We can help libraries achieve balanced collections in different ways:
• Book Suggestions – All libraries have a system that allows patrons to suggest books by name or ISBN number. This method does not cost the individual, but there is no guarantee the library will purchase suggested items.
• Book Donations – Libraries often accept donations from patrons with few restrictions. Individuals or church groups can donate excellent books from trusted sources to libraries. You should understand that the library reserves the right to sell any books donated in their annual “Friends of the Library” sale, so you face some risk that your money won’t achieve the goal you intended.
I have learned by experience that you may be able to improve the chances that your donations will remain in the library by discussing your intentions in a gracious manner with the director of the library and with each acquisitions librarian. They may be willing to look over your list of book suggestions (include sources) to pre-approve your purchases.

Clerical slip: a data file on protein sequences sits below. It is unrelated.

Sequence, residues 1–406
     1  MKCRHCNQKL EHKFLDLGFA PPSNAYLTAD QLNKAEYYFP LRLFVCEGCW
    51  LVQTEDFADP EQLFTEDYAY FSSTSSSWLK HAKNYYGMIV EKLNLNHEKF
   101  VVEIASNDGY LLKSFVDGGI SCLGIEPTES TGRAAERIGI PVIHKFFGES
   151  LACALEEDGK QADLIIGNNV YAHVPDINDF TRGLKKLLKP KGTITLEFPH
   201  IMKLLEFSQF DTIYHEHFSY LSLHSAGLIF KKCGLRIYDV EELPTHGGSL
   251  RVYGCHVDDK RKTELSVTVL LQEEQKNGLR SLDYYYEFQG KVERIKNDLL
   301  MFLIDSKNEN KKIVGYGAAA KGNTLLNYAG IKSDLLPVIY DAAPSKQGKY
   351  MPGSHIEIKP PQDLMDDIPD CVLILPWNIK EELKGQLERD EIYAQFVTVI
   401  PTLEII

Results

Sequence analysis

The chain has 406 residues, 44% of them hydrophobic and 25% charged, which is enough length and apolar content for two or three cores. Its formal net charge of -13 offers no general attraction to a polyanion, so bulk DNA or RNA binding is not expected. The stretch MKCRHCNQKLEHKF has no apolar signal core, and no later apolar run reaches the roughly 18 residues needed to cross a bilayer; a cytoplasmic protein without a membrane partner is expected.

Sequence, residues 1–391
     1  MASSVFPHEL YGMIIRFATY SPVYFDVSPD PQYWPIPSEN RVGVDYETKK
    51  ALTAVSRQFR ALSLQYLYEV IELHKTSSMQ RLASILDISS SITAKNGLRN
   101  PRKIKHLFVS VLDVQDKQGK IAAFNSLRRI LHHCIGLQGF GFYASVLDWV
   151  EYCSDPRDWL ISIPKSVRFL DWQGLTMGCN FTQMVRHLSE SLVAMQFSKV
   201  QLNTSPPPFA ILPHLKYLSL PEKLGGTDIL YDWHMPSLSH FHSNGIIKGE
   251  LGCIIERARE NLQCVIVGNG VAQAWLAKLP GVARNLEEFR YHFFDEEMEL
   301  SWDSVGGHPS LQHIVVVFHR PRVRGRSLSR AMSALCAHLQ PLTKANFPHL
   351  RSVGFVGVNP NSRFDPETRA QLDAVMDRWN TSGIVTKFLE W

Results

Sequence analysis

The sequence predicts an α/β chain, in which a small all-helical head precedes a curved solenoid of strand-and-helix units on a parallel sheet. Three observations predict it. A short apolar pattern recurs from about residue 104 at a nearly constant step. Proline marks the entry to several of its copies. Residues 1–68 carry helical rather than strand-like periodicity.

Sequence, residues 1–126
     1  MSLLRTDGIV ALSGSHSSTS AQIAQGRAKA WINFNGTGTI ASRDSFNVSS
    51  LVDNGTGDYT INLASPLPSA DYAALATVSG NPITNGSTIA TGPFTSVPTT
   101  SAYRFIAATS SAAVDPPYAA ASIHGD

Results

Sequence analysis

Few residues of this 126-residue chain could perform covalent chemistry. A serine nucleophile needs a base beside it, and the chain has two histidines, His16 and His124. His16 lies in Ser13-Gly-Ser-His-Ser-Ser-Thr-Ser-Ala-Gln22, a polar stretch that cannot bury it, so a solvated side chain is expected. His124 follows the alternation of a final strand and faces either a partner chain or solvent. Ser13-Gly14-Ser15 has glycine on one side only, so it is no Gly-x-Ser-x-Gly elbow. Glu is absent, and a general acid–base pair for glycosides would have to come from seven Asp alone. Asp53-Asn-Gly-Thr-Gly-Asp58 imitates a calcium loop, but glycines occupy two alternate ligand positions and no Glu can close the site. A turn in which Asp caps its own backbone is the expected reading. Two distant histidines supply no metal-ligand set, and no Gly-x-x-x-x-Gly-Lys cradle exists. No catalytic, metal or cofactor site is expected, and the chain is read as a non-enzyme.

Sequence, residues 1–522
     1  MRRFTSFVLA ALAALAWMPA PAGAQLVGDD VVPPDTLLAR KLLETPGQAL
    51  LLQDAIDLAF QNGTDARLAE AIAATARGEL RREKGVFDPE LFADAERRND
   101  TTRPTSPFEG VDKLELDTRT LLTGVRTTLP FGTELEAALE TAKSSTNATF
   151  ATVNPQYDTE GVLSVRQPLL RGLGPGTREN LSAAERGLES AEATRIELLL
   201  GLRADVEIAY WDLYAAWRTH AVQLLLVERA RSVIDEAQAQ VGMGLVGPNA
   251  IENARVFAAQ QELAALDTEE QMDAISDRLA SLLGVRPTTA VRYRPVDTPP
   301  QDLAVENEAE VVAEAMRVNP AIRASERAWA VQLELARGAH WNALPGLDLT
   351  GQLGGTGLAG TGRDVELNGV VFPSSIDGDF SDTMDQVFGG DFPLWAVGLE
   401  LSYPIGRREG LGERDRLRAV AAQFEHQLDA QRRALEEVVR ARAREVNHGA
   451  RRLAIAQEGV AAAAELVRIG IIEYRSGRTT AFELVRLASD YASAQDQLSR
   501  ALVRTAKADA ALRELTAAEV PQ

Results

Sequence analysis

Libraries have policies particular to each location, so research local policies and the motivations behind them. Libraries carefully guard rights concerning their collections.
Follow the Chain of Command
When librarians resist attempts by the taxpaying public to include specific books, what recourse do we have? Davis tells us that if we have addressed librarians in an appropriate manner, we should move up the chain of command with letters to our elected officials. We should explain our concerns respectfully and delineate the steps we have taken.
Often, a polite letter from an organization such as the American Center for Law and Justice will help errant libraries see the expedience of honoring reasonable requests.
Spread the Word